Dev Shah : From Spelling Struggles to National Spelling Bee Triumph

Dev Shah : From Spelling Struggles to National Spelling Bee Triumph

Oxon Hill, Maryland - Dev Shah, a soft-spoken yet self-assured 14-year-old from Largo, Florida, demonstrated his mastery of obscure Greek roots and breezed through his second-to-last word to secure victory at the Scripps National Spelling Bee on Thursday night.

Dev's journey in the world of spelling encountered setbacks due to the pandemic, and he fell short of advancing past the regional bee last year. However, this year, he persevered through a fiercely competitive regional competition, earning himself a third and final opportunity to compete for the national championship. To his delight, he ultimately held the trophy aloft as confetti showered upon him.

The word that sealed Dev's triumph was "psammophile," a term that posed no significant challenge for a speller of his caliber. Displaying his astute approach, Dev sought clarification on its meaning, questioning, "Psammo, meaning sand, Greek? Phile, meaning love, Greek?"

Immersing himself in the moment, Dev requested the word to be used in a sentence, a tactic he had humorously referred to as a way to buy time. Overwhelmed with emotion, he covered his face with his hands upon being announced as the winner.

Claiming the runner-up position was Charlotte Walsh, a 14-year-old from Arlington, Virginia, who warmly embraced Dev in a congratulatory hug. Having previously participated in the bee in 2019 and 2021, Dev had formed close bonds with many of his fellow finalists.

"They've all been part of numerous online bees and previous Scripps National Spelling Bees, and I felt a special connection and camaraderie among all of us," he expressed. "I am immensely grateful and privileged to have shared this final spelling bee experience with them."

Fifteen months ago, the prospect of Dev's return was far from certain. His regional bee experience last year was disheartening, enduring a grueling five-hour spelling ordeal in damp and chilly weather at an open-air soccer stadium in Orlando, ultimately finishing fourth.

"It took me approximately four months to regain my focus," he recounted. "There was a point where I questioned whether I wanted to continue."

When only Dev and Charlotte remained as the final two contestants, Scripps introduced the buzzer, utilized for the "spell-off" tiebreaker, which momentarily perplexed Dev when he stepped up to the microphone.

With a hint of uncertainty, Dev sought clarification by asking, "This isn't the spell-off, is it?" Upon being informed that it was not, he proceeded to spell "bathypitotmeter" with such speed that it seemed akin to a spell-off, showcasing his understated confidence on stage.

"I practiced for the spell-off every day, I suppose. I was aware that it could occur, so I made sure to prepare for all possibilities, which sort of put me in a spell-off mindset," Dev explained. "However, I also felt a sense of apprehension towards the spell-off."

Dev's victory not only earned him more than $50,000 in cash and prizes but also solidified his position as the 22nd champion of South Asian heritage in the last 24 years. His father, Deval, migrated from India to the United States 29 years ago as a software engineer to pursue a master's degree in electrical engineering. Over the years, Deval has also obtained an MBA from the University of Florida. Dev's older brother, Neil, is currently a rising junior at Yale University.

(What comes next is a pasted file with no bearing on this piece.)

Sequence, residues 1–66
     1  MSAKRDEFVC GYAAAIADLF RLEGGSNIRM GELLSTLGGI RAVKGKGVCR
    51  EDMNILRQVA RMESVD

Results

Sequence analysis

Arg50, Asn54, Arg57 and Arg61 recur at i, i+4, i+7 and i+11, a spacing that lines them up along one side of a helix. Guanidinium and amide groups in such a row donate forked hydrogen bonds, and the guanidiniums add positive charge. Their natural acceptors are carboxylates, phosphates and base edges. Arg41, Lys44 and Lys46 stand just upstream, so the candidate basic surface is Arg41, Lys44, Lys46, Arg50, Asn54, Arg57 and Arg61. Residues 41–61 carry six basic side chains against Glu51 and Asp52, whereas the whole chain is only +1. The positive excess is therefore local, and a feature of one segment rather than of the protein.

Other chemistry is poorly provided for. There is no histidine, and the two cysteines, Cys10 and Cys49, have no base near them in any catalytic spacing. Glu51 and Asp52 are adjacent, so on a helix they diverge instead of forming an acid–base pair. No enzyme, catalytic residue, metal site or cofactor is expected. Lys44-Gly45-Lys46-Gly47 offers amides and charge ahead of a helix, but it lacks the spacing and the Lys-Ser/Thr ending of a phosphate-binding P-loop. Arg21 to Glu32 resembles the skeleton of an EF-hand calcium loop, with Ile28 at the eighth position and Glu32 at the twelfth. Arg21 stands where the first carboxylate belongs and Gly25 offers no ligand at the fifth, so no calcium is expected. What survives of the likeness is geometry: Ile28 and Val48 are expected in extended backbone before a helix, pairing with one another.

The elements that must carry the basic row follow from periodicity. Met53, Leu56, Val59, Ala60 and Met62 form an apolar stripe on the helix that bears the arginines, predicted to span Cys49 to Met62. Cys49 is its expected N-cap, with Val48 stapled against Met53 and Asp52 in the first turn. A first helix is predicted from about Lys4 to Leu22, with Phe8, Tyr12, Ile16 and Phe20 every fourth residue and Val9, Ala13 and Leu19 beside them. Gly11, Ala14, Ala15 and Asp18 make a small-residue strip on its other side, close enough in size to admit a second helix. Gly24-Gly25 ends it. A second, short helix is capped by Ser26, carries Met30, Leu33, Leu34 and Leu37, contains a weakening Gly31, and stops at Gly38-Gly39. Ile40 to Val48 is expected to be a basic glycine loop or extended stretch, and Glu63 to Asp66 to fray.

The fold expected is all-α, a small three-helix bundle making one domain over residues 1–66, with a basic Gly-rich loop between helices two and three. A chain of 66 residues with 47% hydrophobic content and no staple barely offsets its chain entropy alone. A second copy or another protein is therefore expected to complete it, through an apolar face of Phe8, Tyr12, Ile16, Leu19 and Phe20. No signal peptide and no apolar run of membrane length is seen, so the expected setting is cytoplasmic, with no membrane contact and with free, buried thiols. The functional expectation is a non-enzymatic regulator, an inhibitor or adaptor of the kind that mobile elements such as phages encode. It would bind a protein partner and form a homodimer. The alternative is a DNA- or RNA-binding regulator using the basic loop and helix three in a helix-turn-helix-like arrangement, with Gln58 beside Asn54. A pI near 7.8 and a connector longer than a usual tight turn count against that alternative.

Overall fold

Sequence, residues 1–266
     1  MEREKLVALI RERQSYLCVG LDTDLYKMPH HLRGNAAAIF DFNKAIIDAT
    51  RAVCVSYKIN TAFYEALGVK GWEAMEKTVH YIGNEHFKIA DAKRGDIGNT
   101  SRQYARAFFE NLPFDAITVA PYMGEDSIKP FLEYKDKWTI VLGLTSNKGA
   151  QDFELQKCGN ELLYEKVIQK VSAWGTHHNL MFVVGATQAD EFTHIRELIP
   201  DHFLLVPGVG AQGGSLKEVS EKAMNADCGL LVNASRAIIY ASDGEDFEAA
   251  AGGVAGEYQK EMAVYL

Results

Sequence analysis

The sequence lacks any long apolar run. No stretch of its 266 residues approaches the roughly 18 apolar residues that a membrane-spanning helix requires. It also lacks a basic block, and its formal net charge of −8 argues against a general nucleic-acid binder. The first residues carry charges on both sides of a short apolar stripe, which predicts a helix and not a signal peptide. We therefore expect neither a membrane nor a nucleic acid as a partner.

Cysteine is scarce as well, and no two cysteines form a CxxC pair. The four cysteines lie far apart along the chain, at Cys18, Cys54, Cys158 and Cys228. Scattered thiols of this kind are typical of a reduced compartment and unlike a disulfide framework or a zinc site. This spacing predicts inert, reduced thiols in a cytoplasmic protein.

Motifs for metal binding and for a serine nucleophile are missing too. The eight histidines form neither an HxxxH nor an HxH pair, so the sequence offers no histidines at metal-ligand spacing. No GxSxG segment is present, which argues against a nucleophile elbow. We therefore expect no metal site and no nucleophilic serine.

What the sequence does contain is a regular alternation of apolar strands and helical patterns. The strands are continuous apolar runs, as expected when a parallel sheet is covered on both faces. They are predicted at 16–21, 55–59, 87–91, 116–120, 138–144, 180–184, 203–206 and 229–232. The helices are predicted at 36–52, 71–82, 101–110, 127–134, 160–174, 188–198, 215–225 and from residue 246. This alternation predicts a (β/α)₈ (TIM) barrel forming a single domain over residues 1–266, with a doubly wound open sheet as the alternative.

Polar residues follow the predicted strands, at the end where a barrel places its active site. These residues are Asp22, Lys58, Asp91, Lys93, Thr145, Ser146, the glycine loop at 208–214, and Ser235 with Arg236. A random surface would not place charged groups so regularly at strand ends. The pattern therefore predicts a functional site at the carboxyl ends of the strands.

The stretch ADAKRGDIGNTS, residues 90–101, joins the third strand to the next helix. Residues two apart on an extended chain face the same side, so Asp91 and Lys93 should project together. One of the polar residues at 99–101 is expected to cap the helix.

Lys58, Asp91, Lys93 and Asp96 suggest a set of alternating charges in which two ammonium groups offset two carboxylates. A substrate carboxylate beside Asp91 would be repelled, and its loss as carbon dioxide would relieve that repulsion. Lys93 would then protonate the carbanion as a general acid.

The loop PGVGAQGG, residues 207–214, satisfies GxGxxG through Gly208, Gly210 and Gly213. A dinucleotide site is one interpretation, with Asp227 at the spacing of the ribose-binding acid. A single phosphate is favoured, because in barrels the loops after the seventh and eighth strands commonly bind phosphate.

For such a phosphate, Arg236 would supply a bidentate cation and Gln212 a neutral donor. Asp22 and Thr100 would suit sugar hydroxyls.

Deval proudly shared that Dev's exceptional word recall abilities were evident from the age of 3. Dev dedicated numerous years to participating in academic competitions organized by the North South Foundation, a nonprofit organization that offers scholarships to children in India.

Challenging Words and Impressive Depth: 2023 National Spelling Bee

In the 98-year history of the national spelling bee, which welcomes students up to the eighth grade, spellers earn their spots by triumphing in regional competitions across the country. This year, 229 young champions took the stage at the national bee, a remarkable feat considering the staggering participation of 11 million students at the school level.

Although the bee may have been scaled down and the competition field not as extensive as in pre-pandemic years, the finalists of this year's event showcased an astonishing depth of knowledge as they navigated through a deviously challenging word list.

The selection of words demonstrated that the competition can remain entertaining while delving deeper into the dictionary than ever before. Particularly in the second spelling round of the finals, Scripps presented contestants with short yet formidable words like "traik" (to fall ill, used in Scotland), "carey" (a small to medium-sized sea turtle), and "katuka" (a venomous snake of southeastern Asia).

As the field narrowed to four participants, Shradha Rachamreddy stumbled on "orle," a term in heraldry denoting a number of small charges arranged to form a border within the edge of a field (she mistakenly spelled it as "orel"). Surya Kapu's journey came to an end with the word "kelep" — a Central American stinging ant — as he mistakenly spelled it as "quelep."

While Scripps' inclusion of trademarks and geographical names may provoke criticism from traditionalists who believe the focus should solely be on mastering roots and language patterns, as well as their exceptions, Scripps has made it clear that any entry in Merriam-Webster's Unabridged dictionary, excluding archaic or obsolete words, is fair game for the competition.

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